P.E.I. tourism operators press province for updates on visitor restrictions

Prince Edward Island tourism operators are pressing the provincial government for more details on when visitor restrictions will be eased, or at least updated. 

The province is promoting vacations at home for Islanders. But the president of the Cavendish Beach Tourism Association says operators need to know which existing bookings they can cancel if the province wants Islanders to holiday on P.E.I.

“Right now, everybody on the north shore is doing modelling,” said Steve Murphy, who said the association has written to the province’s tourism minister seeking clarity on when more information on visitor restrictions might be available. 

“What do I know, what do I not know? How is it gonna affect my business? Should I open, should I not open?”

He said businesses are crunching numbers, trying to figure out what will see them losing the least amount of money. That could be staying closed for the season, or opening, knowing the traffic won’t be anywhere near normal levels.

Steve Murphy, President of the Cavendish Beach Tourism Association, says the group has written to the province’s tourism minister for clarity on potential next steps when it comes to visitor restrictions. (Brian Higgins)

Murphy said he can appreciate that COVID-19 makes things hard to plan.

But he said even knowing when they can expect the next update on visitor restrictions would help.  

“We’re looking more for, ‘What do we know for sure,'” said Murphy. “We have accommodations in Cavendish that are holding reservations for Ontario and Quebec right now, so how long do they hold those for? Is Ontario or Quebec an option this summer?”

Hundreds of bookings already cancelled

Dan James, owner of Cavendish resort Kindred Spirits, said he’s already cancelled hundreds of bookings for May and June.

He has hundreds more for July and August, but can’t make those available for Islanders to book until he knows who may be allowed to visit.

“We understand that it’s a fluid situation and we understand that they can’t know everything in advance, but even probabilities would be helpful,” said James.  

He’s grateful that the federal government’s emergency wage-subsidy program, which was set to end June 6, is now being extended beyond June. More details are expected next week. 

But he said it’ll take a lot to keep the Island tourism industry going when it’s used to 1.6-million visitors every summer, and, this year, will see only a fraction of that.

“We’re looking at two per cent of our core business,” said James. “We could probably increase that, but for us it’s going to be a single-digit percentage of our regular income.”

Dan James, owner of Kindred Spirits in Cavendish, says he’s got hundreds of bookings that he’d like to open up to Islanders, but can’t until he knows when and whether people from off-Island will be allowed to visit this summer. (Brian Higgins )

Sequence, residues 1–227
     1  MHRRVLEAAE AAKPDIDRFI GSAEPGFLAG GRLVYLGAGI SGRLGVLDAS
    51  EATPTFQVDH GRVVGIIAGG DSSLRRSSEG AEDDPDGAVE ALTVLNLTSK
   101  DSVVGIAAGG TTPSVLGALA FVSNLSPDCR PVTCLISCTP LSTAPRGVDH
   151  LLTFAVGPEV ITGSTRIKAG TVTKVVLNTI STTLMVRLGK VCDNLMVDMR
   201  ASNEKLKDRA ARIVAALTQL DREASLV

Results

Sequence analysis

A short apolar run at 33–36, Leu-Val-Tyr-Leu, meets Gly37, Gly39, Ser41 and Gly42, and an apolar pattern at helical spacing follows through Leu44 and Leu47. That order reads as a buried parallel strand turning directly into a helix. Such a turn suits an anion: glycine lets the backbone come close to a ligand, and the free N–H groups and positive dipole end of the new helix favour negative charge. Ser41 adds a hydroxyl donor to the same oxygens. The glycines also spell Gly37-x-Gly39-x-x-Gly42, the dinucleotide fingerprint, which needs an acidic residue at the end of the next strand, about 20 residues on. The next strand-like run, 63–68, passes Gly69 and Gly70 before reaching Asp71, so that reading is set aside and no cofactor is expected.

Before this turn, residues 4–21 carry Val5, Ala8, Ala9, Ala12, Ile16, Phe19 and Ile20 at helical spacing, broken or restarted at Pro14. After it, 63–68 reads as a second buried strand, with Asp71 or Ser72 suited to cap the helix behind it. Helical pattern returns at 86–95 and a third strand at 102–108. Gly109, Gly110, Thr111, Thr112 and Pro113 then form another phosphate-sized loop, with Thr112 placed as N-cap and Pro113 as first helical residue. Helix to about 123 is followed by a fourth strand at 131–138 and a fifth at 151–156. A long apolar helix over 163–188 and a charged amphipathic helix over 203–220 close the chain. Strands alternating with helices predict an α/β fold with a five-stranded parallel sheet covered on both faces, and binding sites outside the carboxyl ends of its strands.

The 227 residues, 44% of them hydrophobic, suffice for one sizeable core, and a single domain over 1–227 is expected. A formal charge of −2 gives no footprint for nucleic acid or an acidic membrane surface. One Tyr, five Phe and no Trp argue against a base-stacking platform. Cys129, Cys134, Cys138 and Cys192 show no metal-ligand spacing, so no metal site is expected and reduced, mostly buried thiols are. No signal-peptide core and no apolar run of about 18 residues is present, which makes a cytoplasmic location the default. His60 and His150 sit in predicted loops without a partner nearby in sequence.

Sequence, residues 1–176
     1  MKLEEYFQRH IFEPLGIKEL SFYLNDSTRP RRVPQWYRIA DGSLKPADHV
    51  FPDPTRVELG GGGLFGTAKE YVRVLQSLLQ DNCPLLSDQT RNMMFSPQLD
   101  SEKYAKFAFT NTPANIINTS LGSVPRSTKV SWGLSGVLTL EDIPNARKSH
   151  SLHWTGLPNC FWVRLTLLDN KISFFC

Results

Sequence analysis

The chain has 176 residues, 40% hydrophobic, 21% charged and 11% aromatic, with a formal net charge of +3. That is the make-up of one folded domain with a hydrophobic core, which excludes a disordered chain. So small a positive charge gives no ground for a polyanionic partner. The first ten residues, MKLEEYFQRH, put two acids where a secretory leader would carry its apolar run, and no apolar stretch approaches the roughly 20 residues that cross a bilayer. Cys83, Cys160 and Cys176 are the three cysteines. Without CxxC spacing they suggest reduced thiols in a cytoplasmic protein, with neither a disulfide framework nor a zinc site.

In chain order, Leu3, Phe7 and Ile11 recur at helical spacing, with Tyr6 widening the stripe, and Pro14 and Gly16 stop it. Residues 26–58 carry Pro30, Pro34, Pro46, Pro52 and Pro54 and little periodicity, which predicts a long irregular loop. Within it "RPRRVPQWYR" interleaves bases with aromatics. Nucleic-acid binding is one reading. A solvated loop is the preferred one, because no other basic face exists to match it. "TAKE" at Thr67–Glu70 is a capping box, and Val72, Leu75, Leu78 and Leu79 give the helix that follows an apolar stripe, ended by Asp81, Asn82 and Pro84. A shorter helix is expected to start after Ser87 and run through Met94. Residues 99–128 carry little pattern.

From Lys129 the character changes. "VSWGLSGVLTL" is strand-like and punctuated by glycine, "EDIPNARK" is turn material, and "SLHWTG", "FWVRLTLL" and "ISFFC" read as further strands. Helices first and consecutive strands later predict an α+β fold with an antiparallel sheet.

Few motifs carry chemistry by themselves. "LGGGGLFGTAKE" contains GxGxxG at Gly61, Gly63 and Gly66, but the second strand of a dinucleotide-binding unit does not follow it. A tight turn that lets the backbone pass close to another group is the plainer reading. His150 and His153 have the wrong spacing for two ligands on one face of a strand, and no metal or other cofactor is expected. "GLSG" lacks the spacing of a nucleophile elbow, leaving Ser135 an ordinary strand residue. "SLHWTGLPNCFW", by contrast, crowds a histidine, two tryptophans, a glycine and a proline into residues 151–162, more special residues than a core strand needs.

To assist operators, the Cavendish Beach Tourism Association is hoping the province will come up with programs to help keep the industry afloat, such as rent relief and interest relief on mortgages and loans. 

Murphy said it’s not just about surviving the summer. He said these operators will need support until next summer if the Island wants to be able to continue to offer world-class accommodations and restaurants to visitors. 

“Let’s say we get through this year and find a vaccine and the year goes great next year, what’s our product offering going to look like if we don’t support those businesses now?” said Murphy. “We may not have a lot to offer off-Island visitors if we don’t take care of it this year.”

Self-isolation will be one of the last restrictions lifted

On Friday, Premier Dennis King said he couldn’t foresee visitors coming anytime soon without having to self-isolate for two weeks. 

“If the booking was summer long, I think maybe you might want to hold on to that a little bit longer,” said King. “But I think if a booking was for two weeks or less, for someone out of province, it’s probably quite likely that they wouldn’t be coming here, because they would need to self-isolate while they’re here.”

He said there’s talk about considering New Brunswick “down the road.” But he said there hasn’t been much talk at all about visitors from elsewhere in Canada or the U.S. 

“We do understand there’s a lot of questions from the tourism industry, and there’s a lot of questions from many industries, and it is as frustrating for them as it is for us to not have a definitive answer,” said King. 

King said public health has been adamant that self-isolation for travellers would be one of the last things to be lifted. But said an update pertaining to visitors could come as early as next week. 

COVID-19: What you need to know

What are the symptoms of COVID-19?

Common symptoms include:

But more serious symptoms can develop, including difficulty breathing and pneumonia, which can lead to death.

Health Canada has built a self-assessment tool.

What should I do if I feel sick?

Isolate yourself and call 811. Do not visit an emergency room or urgent care centre to get tested. A health professional at 811 will give you advice and instructions.

How can I protect myself?

  • Wash your hands frequently and thoroughly.
  • Avoid touching your eyes, nose and mouth.
  • Clean regularly touched surfaces regularly.
  • Practise physical distancing.

More detailed information on the outbreak is available on the federal government’s website.

More COVID-19 stories from CBC P.E.I.

 

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